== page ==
Our study demonstrated that both preoperative and postoperative HGS reflected postoperative walking ability and quality of life; however, postoperative HGS had a higher prognostic value with functional outcomes than preoperative HGS. The absolute values of the correlation coefficients of postoperative HGS related with Koval scores at postoperative months 6 and 12 and the correlation coefficients of postoperative HGS related with EQ-5D scores at postoperative months 6 and 12 were higher than those at preoperative HGS analysis. In addition, the rate of low strength was significantly lower at postoperative HGS.

This study reconfirmed the importance of HGS as a prognostic factor of functional outcome in patients with hip fracture. The results are consistent with those from previous studies, confirming the prognostic role of HGS after hip fracture12,13,14,15,17,18,19. However, there was no consensus on the timing of HGS measurement, and measurements were taken at inconsistent times throughout these studies. Several studies evaluated preoperative HGS. Monaco et al. demonstrated that grip strength better predicted short-term functional outcomes in women than appendicular lean mass assessed by dual-energy X-ray absorptiometry12. Álvarez et al. concluded that HGS measured at admission for hip fracture was directly related to functional recovery in older patients19. Selakovic et al. showed that HGS measured preoperatively was associated with Barthel index scores at months 3 and 6 post-fracture15. Furthermore, Wehren et al. found a moderate correlation between grip strength and functional outcomes18. Savino et al. also concluded that high HGS at admission was related to a higher probability of independent walking recovery within 1 year of surgery14. Other studies revealed the relationship between postoperative HGS and functional outcomes. Monaco et al. assessed HGS before rehabilitation and observed the prognostic ability of functional outcome of inpatient rehabilitation and at 6 months follow-up in women with hip fractures13. Beloosesky et al. demonstrated that HGS measured 1 week after surgery was associated with the recovery of walking ability at postoperative month 617.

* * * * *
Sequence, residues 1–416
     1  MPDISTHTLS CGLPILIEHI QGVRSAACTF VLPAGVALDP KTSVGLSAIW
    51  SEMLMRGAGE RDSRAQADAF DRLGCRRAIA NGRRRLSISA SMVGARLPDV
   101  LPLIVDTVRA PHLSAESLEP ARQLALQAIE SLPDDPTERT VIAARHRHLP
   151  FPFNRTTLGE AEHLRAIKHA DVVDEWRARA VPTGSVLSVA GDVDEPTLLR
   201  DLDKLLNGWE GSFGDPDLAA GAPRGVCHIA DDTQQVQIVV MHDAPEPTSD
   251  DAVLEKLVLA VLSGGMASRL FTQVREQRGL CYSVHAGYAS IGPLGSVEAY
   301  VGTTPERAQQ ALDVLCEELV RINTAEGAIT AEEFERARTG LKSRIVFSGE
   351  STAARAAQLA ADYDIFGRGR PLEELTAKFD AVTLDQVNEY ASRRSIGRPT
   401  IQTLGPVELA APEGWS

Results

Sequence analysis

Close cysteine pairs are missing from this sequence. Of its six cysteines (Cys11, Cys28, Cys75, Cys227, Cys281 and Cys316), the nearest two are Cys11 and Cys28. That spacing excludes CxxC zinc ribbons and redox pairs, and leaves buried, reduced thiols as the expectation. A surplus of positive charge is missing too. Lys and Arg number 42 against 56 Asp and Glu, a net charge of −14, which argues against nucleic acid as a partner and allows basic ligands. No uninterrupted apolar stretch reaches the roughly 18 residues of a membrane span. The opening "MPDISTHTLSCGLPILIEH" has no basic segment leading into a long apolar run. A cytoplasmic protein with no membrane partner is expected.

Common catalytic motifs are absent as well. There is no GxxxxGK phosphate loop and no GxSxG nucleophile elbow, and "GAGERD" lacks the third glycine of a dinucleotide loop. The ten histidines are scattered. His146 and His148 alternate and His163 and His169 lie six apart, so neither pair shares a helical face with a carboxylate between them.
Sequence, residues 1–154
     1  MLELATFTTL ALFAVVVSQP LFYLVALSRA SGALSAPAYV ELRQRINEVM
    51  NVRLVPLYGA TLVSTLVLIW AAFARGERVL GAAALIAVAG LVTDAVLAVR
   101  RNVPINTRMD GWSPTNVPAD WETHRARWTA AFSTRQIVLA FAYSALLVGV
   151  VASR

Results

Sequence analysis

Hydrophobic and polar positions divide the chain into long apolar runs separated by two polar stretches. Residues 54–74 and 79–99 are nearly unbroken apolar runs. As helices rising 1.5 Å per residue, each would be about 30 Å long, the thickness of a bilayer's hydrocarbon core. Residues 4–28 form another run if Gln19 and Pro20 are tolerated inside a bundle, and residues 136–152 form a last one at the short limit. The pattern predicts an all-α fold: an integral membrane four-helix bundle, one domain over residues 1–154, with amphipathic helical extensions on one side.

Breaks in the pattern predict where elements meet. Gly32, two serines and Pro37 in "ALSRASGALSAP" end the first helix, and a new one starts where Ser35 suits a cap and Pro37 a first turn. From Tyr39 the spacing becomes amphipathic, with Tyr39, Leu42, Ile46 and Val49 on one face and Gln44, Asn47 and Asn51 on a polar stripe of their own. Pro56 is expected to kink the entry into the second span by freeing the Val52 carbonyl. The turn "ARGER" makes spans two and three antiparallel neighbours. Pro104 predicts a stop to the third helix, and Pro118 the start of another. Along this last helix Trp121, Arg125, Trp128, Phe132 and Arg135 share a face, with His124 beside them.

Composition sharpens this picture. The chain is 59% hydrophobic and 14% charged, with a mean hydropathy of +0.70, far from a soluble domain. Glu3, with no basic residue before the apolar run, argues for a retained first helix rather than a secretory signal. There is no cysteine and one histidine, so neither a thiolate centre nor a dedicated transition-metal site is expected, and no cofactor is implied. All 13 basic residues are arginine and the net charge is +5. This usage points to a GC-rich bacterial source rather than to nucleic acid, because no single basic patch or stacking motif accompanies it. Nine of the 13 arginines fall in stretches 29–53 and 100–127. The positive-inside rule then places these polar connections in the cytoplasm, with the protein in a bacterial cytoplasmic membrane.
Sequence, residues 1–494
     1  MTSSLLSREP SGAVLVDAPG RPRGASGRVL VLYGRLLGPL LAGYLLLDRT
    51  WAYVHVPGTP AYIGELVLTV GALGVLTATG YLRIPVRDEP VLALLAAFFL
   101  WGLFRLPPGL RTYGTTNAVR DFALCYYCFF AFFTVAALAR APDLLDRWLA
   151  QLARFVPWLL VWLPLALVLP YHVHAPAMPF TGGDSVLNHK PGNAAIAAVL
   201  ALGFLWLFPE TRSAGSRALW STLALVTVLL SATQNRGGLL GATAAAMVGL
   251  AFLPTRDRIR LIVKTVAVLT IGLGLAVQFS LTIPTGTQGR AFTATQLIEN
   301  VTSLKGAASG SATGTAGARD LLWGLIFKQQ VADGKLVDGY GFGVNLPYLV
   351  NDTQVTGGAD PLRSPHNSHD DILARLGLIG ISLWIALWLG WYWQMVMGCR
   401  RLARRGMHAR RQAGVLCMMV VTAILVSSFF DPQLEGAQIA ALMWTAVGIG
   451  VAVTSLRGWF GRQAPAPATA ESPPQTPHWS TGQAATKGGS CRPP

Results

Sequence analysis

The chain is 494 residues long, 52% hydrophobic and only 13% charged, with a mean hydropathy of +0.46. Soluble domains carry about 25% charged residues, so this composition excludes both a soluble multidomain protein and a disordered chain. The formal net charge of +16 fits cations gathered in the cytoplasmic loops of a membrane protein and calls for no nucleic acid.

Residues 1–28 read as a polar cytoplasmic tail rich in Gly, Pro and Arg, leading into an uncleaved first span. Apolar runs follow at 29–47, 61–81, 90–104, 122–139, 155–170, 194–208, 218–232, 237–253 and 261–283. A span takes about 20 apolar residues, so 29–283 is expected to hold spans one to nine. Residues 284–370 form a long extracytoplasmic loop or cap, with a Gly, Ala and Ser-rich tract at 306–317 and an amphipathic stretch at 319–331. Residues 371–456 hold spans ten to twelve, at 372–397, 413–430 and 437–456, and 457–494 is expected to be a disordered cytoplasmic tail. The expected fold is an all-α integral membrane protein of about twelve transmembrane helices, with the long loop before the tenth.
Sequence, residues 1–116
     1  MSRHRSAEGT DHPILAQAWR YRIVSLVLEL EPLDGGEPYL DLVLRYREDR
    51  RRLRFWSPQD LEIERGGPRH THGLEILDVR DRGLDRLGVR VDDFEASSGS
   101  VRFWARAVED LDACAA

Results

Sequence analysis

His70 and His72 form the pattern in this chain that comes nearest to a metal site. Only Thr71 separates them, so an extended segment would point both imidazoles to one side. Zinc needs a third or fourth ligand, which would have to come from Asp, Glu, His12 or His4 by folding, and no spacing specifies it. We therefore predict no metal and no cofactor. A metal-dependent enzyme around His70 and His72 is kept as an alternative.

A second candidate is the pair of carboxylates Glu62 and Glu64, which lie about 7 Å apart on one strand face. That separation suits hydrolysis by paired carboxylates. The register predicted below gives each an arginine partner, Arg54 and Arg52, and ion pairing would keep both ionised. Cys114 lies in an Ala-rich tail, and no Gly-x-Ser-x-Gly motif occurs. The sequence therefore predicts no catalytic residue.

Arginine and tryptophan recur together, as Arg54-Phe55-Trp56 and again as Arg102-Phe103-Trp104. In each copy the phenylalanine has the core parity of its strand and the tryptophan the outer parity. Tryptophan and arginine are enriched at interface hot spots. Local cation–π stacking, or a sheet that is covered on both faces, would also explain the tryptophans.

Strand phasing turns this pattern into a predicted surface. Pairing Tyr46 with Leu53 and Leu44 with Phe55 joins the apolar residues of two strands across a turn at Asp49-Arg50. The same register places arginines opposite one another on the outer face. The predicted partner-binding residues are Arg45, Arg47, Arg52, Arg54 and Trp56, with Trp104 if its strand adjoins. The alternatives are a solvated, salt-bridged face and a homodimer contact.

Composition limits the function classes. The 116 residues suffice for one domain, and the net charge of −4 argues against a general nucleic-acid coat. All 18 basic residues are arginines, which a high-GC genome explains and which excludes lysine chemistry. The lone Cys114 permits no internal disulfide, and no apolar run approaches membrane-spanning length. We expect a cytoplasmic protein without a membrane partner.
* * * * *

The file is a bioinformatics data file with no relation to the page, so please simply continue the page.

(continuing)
Only two studies found no relationship between grip strength and functional outcome. Steihaug et al. demonstrated that postoperative HGS was not significantly associated with the preoperative Barthel index16. Their study differed from the current study in the relationship between HGS and ‘pre-injury’ functional status was demonstrated, rather than functional outcome after fracture. Gonzalez-Montalvo et al. also failed to show the association between sarcopenia and short-term functional outcome in patients with hip fracture20. Limited comparisons can be drawn between this study and our present study because they did not assess the direct relationship between HGS and long-term functional outcome, including walking ability and activity of daily living, and their functional outcome was measured only at discharge at an average of 10.1 days, without further follow-up.

With respect to the time of HGS assessement, the current study revealed that postoperative HGS reflected prognosis better than preoperative HGS. The correlation coefficient of postoperative HGS with functional outcome was higher than that of preoperative HGS. In addition, postoperative HGS showed a moderate correlation with postoperative 6-month walking ability and postoperative 6- and 12-month EQ-5D. In contrast, preoperative HGS showed a weak correlation with postoperative 6- and 12-month walking ability and EQ-5D score. Although the low strength group based on preoperative HGS showed a lower walking ability and quality of life only at postoperative month 12, the same group based on postoperative HGS had lower walking abilities at postoperative months 6 and 12 and lower EQ-5D scores at postoperative months 3, 6, and 12. Therefore, we believe that postoperative HGS better reflects functional outcomes after hip fracture and is useful in predicting postoperative 6- and 12-month walking ability and quality of life.